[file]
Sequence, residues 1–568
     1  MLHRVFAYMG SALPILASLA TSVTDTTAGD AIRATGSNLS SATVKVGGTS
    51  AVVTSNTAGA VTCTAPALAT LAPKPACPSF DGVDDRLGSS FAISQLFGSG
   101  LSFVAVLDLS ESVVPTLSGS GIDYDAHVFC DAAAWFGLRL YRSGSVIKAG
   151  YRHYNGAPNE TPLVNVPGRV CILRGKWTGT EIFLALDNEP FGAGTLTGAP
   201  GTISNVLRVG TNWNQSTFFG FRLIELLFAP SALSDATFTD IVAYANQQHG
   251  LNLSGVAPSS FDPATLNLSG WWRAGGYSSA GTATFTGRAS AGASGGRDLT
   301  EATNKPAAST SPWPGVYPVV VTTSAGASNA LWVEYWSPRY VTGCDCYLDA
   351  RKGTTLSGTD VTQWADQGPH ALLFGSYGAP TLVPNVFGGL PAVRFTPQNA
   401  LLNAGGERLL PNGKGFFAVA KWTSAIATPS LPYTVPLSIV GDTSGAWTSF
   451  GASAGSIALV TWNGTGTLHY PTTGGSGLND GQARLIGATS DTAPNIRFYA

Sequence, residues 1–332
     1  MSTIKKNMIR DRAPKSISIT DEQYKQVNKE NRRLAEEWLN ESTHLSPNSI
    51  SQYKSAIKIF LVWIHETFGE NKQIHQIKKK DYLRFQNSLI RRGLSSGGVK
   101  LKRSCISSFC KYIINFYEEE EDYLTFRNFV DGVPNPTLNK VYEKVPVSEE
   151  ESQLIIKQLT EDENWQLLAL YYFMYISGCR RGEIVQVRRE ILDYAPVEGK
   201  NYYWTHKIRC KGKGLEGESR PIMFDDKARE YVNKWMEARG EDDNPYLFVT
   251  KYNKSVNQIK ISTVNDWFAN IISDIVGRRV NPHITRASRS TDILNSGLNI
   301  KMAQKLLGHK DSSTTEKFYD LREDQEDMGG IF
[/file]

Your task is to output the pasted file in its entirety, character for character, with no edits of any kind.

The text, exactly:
Sequence, residues 1–568
     1  MLHRVFAYMG SALPILASLA TSVTDTTAGD AIRATGSNLS SATVKVGGTS
    51  AVVTSNTAGA VTCTAPALAT LAPKPACPSF DGVDDRLGSS FAISQLFGSG
   101  LSFVAVLDLS ESVVPTLSGS GIDYDAHVFC DAAAWFGLRL YRSGSVIKAG
   151  YRHYNGAPNE TPLVNVPGRV CILRGKWTGT EIFLALDNEP FGAGTLTGAP
   201  GTISNVLRVG TNWNQSTFFG FRLIELLFAP SALSDATFTD IVAYANQQHG
   251  LNLSGVAPSS FDPATLNLSG WWRAGGYSSA GTATFTGRAS AGASGGRDLT
   301  EATNKPAAST SPWPGVYPVV VTTSAGASNA LWVEYWSPRY VTGCDCYLDA
   351  RKGTTLSGTD VTQWADQGPH ALLFGSYGAP TLVPNVFGGL PAVRFTPQNA
   401  LLNAGGERLL PNGKGFFAVA KWTSAIATPS LPYTVPLSIV GDTSGAWTSF
   451  GASAGSIALV TWNGTGTLHY PTTGGSGLND GQARLIGATS DTAPNIRFYA

Sequence, residues 1–332
     1  MSTIKKNMIR DRAPKSISIT DEQYKQVNKE NRRLAEEWLN ESTHLSPNSI
    51  SQYKSAIKIF LVWIHETFGE NKQIHQIKKK DYLRFQNSLI RRGLSSGGVK
   101  LKRSCISSFC KYIINFYEEE EDYLTFRNFV DGVPNPTLNK VYEKVPVSEE
   151  ESQLIIKQLT EDENWQLLAL YYFMYISGCR RGEIVQVRRE ILDYAPVEGK
   201  NYYWTHKIRC KGKGLEGESR PIMFDDKARE YVNKWMEARG EDDNPYLFVT
   251  KYNKSVNQIK ISTVNDWFAN IISDIVGRRV NPHITRASRS TDILNSGLNI
   301  KMAQKLLGHK DSSTTEKFYD LREDQEDMGG IF